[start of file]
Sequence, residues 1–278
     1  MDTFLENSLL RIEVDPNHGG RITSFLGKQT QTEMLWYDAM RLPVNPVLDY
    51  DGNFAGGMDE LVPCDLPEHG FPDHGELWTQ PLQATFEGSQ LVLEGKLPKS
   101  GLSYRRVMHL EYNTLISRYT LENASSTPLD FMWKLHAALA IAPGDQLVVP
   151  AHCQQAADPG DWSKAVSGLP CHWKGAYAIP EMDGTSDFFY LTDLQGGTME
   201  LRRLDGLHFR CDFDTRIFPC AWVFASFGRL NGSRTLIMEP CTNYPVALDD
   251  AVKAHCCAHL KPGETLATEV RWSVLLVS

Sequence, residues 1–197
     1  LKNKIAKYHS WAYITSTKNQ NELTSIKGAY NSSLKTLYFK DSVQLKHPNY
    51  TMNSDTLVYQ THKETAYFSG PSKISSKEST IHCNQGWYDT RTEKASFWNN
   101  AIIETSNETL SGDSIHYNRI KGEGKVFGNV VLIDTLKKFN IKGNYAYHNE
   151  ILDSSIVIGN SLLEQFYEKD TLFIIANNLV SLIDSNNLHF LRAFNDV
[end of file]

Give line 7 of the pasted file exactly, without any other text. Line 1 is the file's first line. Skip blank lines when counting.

   251  AVKAHCCAHL KPGETLATEV RWSVLLVS